High speed composting

by Patrick Dupuis

To increase their revenues and lend a helping hand with the environment while investing in the future of agriculture, producers are working on methane production. Meet passionate producers discussing energy and how they put their know-how to work.

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Many do not believe it, but Ferme Ashton uses manure as bedding under the cows in its herd. The trick is that they compost the manure first to make it into a nearly odourless material and completely free of pathogenic bacteria. As evidence, ever since the farm’s owners have used this type of bedding, the somatic cell count has dropped. 

It was during a trip to British Columbia in 2011, on a visit to a producer who manages 3,000 dairy cows, that Gilles Gauthier, co-owner of Ferme Ashton, saw the system that was going to solve the problem that had been giving him a headaceh for a while: how to reduce the costs of wood chip bedding that had reached nearly $70,000 per year for his operation. His farm, in Saint-Léonard-d’Ashton, with 1,400 animals, 600 of which are milking cows, is the second largest herd in Quebec.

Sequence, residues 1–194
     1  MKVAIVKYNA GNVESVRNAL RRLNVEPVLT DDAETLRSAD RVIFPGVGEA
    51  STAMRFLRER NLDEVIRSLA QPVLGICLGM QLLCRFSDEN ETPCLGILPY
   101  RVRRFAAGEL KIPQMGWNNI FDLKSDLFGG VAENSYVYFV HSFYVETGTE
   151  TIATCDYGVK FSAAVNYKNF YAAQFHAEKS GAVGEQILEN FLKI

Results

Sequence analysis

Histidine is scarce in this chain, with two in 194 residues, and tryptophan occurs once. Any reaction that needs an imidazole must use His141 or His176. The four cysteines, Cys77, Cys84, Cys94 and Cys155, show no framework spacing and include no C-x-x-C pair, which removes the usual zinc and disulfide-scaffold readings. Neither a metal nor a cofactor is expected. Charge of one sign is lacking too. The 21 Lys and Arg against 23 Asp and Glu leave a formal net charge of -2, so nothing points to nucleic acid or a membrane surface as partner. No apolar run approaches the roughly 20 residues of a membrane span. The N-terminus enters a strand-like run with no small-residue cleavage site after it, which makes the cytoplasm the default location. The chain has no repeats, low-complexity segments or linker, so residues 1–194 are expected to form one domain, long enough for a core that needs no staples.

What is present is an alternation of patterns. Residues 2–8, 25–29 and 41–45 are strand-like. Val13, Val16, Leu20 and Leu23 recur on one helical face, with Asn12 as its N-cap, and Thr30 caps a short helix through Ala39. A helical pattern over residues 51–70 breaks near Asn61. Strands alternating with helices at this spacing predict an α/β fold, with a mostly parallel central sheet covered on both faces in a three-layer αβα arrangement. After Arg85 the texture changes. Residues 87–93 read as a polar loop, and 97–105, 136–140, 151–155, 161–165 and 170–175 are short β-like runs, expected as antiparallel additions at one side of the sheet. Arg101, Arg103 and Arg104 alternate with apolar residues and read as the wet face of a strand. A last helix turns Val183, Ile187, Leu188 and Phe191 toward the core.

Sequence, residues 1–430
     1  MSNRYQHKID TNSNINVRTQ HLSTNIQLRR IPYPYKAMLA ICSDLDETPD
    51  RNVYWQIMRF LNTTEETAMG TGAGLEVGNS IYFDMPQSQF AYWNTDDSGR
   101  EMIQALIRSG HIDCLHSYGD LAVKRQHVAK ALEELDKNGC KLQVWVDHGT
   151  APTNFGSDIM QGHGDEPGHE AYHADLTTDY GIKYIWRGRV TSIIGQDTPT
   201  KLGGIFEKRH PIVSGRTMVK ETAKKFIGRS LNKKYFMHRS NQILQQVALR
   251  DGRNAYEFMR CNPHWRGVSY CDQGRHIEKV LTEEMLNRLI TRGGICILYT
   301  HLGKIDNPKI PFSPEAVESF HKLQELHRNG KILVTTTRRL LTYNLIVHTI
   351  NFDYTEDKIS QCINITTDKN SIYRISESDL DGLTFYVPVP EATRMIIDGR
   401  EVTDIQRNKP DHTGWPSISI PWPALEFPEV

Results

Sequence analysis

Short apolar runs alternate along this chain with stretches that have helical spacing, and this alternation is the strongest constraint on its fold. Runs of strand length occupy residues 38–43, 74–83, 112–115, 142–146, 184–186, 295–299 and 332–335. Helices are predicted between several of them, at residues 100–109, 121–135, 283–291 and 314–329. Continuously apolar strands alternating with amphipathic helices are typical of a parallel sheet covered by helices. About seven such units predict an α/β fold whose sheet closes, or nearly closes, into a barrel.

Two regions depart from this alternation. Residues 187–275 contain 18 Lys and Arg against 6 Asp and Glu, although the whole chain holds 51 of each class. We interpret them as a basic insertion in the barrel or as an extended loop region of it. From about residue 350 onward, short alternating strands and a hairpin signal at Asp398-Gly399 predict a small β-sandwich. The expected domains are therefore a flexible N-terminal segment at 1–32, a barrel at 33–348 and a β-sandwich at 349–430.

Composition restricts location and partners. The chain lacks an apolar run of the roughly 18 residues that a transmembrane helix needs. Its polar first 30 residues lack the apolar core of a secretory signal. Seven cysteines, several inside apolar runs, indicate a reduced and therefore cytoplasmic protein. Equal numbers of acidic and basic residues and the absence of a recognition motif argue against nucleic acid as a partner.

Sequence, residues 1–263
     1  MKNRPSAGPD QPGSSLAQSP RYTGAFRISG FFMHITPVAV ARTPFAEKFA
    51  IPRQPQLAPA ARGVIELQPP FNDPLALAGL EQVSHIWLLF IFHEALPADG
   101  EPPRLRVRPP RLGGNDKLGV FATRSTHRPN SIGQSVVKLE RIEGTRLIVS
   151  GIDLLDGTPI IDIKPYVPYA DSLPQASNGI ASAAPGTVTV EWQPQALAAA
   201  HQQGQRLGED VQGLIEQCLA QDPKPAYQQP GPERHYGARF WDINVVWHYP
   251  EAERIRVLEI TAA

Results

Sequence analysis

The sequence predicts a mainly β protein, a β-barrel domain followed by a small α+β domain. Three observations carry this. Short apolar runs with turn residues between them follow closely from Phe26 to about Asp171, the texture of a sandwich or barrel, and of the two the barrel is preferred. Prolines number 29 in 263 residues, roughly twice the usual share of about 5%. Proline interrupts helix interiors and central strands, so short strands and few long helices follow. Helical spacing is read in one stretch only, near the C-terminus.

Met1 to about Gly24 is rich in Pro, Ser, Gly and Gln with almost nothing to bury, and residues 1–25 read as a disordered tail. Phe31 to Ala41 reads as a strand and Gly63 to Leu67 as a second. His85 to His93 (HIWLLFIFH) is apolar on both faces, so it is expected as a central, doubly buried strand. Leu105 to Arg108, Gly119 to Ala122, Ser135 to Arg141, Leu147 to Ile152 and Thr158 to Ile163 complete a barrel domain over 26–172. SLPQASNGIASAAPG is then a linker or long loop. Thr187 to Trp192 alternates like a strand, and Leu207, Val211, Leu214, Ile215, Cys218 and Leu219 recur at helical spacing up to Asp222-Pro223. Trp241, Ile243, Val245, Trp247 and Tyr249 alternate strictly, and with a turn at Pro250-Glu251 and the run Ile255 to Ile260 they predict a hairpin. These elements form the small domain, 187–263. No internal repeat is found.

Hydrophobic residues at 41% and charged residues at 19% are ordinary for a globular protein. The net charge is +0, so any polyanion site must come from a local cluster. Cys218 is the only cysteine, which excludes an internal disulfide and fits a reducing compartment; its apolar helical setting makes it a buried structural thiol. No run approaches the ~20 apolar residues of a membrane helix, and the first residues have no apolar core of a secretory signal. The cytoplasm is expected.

The “miracle” system is a cylindrical and rotating bio-composter 9.75 m long (32 ft), called Bedding Master. This device works continuously and composts the manure in only 24 to 48 hours. It churns out high-quality compost made up of 70% dry matter, practically odourless and completely free of pathogenic bacteria.

Compost and comfort

About 80% of the manure produced at the farm is composted, which represents the amount of manure from the 600 cows in the herd. The farm is able to produce all the bedding for the same 600 cows and for nearly all of their offspring. The material is spongy and comfortable and has the appearance of soil. The cows appreciate it and happily lay down on it without causing them knee problems. An investment of $325,000 includes the separator, the bio-composter, the computer system and the building. 

To find out more, see the September 2013 issue of the Coopérateur.

Patrick Dupuis's picture

Patrick is Deputy Editor at the magazine Coopérateur.Agronomist graduated from McGill University, he also studied sustainable development. He works at the Cooperateur for over twenty years.